The Man Who Would Be King (film)

novella by Rudyard Kipling
(Redirected from The Man who would be King)

The Man Who Would Be King is a 1975 film about two roguish adventurers who travel into Central Asia to become kings. Based on the story by Rudyard Kipling.

Do you suppose that if a man thought twice, he'd give his life for Queen and Country? Not bloody likely! He wouldn't go near the battlefield!
Directed by John Huston. Written by John Huston and Gladys Hill.

Peachy Carnehan

I want to remind you it was detriments like us that built this bloody Empire and the Izzat of the bloody Raj! Hats on! About turn! By the left, quick march!
Peachy Carnehan: I've come back. Give me a drink, Brother Kipling. Don't you know me?
Rudyard Kipling: No. I don't know you. Who are you? What can I do for you?
Peachy Carnehan : I told you; give me a drink. It was all settled right here in this office. Remember? Danny and Me signed a contract, and you witnessed it. You stood over there. :I stood there, and Daniel stood here. Remember?
Rudyard Kipling : Carnehan!
Peachy Carnehan:Peachy Toliver Carnehan.
Peachy Carnehan:Of course.
Peachy Carnehan: Keep looking at me. It helps to keep my soul from flying off.
Rudyard Kipling : Carnehan.
Peachy Carnehan : The same - and not the same, who sat besides you in the first class carriage, on the train to Marwar Junction, three summers and a thousand years ago.
Rudyard Kipling : Jodhpur, please
  • Peachy: Blast! [Carnehan realizes he has just pick-pocketed a fellow Freemason's watch]
  • Conductor: All Aboard!
Peachy: may I? riding in this ashcart is like being Kicked by a mule every 10 Minuites:
  • Indian passenger:Mr Clutterbury Das...failed entrance examination..Calcutta University, 1863..Writer of correspondence...for the illiterate genera Public
    Peachy: SHUt UP
  • Indian:Thank you Sir
Peachy: Out of the window, Banu
  • Indian:Thank you Sir {Peachy throws Das out of the door)
Peachy: Outside, you inky-fingered thief! I hope you break your neck
  • Indian:Thank you Sir
Rudyard Kipling :You might have killed him
  • Peachy: Serves Him right if I did..we're not making five miles an hour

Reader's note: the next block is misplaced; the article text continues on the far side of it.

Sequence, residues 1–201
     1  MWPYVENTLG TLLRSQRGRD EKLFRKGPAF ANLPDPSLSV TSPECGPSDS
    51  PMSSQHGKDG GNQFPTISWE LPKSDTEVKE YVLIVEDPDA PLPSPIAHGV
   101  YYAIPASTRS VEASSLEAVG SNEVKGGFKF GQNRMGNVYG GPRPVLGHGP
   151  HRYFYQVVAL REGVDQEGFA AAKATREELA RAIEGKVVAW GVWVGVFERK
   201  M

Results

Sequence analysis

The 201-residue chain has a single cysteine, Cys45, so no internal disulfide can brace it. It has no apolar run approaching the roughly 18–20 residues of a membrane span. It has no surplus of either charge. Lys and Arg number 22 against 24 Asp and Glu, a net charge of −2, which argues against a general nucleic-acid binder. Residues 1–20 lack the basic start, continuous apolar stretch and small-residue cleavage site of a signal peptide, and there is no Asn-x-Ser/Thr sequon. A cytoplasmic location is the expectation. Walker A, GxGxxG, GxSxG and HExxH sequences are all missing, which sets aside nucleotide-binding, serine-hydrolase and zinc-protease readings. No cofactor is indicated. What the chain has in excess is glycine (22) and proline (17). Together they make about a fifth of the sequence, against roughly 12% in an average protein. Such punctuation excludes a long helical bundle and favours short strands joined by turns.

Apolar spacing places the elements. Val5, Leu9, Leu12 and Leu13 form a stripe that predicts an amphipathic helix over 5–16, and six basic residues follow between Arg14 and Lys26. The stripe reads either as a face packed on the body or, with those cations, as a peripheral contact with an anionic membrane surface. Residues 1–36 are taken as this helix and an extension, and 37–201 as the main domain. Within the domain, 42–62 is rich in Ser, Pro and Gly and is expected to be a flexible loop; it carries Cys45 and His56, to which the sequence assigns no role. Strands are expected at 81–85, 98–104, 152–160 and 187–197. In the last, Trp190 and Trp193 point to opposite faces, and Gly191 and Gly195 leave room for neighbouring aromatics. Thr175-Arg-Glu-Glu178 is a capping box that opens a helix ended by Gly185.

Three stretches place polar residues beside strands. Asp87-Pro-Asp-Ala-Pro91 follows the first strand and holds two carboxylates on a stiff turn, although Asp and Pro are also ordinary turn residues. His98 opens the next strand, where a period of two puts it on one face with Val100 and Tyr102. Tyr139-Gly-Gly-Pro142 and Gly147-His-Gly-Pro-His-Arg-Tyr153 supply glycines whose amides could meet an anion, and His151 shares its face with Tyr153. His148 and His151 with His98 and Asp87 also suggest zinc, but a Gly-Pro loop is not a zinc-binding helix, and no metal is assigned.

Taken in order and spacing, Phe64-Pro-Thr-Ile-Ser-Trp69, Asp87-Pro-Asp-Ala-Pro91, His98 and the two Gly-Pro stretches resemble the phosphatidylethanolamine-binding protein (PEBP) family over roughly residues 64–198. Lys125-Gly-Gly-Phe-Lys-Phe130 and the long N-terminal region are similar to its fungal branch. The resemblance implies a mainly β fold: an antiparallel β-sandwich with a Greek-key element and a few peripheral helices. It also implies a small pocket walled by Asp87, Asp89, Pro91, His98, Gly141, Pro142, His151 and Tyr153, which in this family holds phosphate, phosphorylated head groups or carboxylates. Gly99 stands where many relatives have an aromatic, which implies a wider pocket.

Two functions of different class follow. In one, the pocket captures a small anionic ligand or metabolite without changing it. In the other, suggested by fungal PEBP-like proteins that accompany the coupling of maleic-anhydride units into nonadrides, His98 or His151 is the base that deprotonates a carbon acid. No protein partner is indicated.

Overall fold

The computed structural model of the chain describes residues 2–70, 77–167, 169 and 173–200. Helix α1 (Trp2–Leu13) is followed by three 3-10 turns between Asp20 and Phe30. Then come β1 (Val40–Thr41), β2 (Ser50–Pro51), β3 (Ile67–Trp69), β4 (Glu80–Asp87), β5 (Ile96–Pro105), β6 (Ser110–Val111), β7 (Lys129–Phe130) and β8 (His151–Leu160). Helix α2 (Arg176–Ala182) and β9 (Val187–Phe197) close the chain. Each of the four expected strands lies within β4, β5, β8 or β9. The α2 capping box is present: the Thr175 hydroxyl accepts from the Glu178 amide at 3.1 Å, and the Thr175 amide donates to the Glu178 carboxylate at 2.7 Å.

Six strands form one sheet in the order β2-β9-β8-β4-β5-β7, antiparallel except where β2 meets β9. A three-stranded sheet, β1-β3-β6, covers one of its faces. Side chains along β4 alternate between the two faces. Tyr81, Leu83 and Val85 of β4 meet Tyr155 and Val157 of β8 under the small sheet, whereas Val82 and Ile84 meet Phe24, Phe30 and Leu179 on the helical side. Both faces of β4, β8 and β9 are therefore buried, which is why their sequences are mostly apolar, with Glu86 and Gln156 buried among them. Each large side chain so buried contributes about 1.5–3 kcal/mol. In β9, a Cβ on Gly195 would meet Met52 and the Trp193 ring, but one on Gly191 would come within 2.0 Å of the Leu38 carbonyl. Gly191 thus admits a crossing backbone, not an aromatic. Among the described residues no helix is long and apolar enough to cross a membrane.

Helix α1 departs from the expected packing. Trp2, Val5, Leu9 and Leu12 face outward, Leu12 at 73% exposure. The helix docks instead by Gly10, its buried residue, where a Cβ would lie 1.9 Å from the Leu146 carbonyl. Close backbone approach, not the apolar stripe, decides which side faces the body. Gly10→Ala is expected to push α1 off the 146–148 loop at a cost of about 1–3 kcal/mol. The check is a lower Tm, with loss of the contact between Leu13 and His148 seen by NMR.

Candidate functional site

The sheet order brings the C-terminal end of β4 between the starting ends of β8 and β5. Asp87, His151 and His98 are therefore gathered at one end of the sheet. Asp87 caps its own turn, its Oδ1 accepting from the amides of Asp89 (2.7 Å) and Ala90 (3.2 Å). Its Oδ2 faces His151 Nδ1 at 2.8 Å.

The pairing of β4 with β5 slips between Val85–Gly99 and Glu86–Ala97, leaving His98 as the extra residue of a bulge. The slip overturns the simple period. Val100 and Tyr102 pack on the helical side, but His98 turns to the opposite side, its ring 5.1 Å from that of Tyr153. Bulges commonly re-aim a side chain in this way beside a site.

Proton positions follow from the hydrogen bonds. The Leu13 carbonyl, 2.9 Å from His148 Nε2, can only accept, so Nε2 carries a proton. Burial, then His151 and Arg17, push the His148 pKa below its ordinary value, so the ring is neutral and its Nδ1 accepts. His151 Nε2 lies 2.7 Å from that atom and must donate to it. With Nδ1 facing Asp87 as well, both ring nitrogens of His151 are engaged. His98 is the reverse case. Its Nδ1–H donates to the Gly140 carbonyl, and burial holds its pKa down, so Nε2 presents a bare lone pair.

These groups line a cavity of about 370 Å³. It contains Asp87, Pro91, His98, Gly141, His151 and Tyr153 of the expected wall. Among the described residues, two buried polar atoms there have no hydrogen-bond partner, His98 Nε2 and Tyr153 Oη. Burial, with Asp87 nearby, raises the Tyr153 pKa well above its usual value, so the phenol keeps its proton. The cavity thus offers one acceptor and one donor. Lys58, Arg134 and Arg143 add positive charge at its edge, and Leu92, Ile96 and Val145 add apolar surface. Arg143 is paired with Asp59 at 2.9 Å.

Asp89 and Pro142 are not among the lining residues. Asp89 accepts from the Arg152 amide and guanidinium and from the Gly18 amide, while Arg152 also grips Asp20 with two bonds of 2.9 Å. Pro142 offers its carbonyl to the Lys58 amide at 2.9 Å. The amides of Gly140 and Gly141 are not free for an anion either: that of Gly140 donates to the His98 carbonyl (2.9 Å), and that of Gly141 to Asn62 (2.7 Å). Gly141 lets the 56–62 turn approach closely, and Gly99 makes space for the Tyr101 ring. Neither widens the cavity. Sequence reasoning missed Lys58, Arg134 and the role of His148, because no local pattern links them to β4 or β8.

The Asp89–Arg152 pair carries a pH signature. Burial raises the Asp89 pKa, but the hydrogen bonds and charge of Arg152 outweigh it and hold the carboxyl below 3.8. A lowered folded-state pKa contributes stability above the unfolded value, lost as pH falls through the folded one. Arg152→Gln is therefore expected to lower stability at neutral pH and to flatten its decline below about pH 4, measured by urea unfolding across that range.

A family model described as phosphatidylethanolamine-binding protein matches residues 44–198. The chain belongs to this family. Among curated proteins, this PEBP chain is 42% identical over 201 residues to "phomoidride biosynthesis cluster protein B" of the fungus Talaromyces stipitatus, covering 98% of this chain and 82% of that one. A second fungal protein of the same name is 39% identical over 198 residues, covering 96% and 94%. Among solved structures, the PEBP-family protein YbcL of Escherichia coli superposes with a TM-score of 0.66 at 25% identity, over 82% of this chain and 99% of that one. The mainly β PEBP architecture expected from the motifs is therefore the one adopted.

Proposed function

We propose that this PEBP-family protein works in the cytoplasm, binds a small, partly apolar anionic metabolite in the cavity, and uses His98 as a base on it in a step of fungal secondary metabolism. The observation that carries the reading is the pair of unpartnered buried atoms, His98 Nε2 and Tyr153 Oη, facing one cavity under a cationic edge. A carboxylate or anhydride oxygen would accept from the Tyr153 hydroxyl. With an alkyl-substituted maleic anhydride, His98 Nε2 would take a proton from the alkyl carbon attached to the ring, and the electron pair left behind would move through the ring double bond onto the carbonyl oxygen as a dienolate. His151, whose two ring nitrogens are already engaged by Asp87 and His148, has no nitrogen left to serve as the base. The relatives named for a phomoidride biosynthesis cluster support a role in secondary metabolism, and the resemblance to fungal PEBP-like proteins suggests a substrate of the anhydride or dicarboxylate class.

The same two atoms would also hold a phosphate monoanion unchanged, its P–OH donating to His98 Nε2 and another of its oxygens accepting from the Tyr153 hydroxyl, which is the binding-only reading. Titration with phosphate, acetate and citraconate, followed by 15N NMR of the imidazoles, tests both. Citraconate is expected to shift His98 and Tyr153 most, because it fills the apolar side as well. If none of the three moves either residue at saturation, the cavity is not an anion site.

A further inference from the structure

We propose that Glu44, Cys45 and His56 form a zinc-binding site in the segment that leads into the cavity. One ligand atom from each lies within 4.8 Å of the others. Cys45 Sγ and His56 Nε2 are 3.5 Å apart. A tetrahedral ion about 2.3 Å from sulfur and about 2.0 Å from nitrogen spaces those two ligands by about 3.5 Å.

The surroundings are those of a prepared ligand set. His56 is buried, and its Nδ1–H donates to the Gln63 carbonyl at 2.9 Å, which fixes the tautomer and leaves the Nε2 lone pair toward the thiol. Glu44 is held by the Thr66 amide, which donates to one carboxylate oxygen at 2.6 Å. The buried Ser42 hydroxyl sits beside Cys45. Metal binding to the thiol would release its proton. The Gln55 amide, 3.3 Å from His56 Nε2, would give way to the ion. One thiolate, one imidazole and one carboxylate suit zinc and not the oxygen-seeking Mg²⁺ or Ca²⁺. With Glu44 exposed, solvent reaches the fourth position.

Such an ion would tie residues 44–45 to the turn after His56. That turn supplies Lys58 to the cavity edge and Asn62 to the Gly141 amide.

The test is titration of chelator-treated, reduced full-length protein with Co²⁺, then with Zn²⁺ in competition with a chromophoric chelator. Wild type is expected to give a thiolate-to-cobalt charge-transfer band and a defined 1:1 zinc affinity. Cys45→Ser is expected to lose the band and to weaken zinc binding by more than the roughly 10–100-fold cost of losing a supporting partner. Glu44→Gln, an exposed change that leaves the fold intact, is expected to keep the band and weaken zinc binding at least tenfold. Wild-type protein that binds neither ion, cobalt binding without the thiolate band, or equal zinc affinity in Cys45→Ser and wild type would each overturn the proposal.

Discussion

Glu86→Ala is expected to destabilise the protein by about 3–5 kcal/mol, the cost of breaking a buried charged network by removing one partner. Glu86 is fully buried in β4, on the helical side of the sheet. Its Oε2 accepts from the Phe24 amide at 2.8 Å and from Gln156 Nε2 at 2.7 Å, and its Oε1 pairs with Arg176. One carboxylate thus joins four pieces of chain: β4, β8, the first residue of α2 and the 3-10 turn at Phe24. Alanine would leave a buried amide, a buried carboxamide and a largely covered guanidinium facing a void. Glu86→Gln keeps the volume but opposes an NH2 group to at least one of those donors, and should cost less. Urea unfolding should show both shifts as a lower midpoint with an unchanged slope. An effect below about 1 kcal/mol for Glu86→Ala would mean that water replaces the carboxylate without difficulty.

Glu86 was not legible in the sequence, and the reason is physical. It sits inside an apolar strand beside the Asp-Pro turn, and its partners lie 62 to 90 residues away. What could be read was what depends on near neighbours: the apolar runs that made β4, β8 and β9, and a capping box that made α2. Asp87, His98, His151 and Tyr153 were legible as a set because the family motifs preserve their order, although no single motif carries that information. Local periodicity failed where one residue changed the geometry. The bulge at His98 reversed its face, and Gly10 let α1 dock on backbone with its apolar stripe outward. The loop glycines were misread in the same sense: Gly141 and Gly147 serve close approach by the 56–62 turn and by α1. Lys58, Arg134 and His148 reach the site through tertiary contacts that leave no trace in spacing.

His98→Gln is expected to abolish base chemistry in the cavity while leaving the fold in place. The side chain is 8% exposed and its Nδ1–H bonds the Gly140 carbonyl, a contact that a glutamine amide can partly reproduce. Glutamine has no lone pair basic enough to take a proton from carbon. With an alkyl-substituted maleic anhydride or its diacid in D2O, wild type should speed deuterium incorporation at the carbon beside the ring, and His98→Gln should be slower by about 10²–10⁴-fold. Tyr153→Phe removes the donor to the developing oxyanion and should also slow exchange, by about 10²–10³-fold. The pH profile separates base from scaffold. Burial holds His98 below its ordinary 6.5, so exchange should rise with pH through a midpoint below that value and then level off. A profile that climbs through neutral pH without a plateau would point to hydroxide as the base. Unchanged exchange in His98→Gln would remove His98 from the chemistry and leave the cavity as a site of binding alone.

Rudyard Kipling :But why?
Peachy: I caught him stealing your watch
Rudyard Kipling :My watch...I say it is my watch! Well! Im much obliged to you Mr..?
  • Peachy: I have an educated taste in whiskey, women, waistcoats and bills of fare. But I've had few chances...
Peachy Carnehan: Where are you heading for?
Rudyard Kipling :Jodhpur.
Peachy Carnehan: Will you return on this line?
Rudyard Kipling : In 10 days.
Peachy Carnehan:Can you make it eight? I have a message for a man......travelling through Marwar Junction on the 24th. He expects to meet but I have urgent business.
Peachy: ...Suppose I was to ask you, as a stranger going to the West, to seek for that which was lost - what would you say then?
Kipling:...I should answer, where do you come from?
Peachy: From the East, and I am hoping that you will give my message on the square for the sake of the widow’s son.
Kipling: ...Which lodge do you hail from?
Peachy:Traveling Lodge 3276, Fore and Fit. The Queen’s Own Royal Loyal Light Infantry. Regimental District 329A.
Kipling: (satisfied) To whom is the message?
Peachy:Daniel Dravot.
Kipling: Dravot.
Peachy: A big man with long gray sideboards. A great swell. You'll find him in a first-class compartment.Don't be afraid. Slip the window down and say, "Peachy's gone south for the week."
Kipling: "Peachy's gone south for the week."
Peachy: - Yes, and he'll tumble. Well, I'll be getting off now before we reach the station.
Kipling: By the way, Brother Carnehan..I missed my watch in the station at Lahore...before boarding the train.
Peachy:How was I to know you were a Mason?
  • LASt time Danny and me came through the Khyber Pass,we faught our way...yard by bloody yeard...and general Bobbs called us heroes afterwards..But that was years ago..Times have changed....Blast!Look Who's on scntry!
  • Dravit: Mulvaney...that loudmouthed Mick from the Black Tyrone! Private Mulvaney!Come to attention when I am addressing You! Slope arms!Preent!March!Mark time!At the double!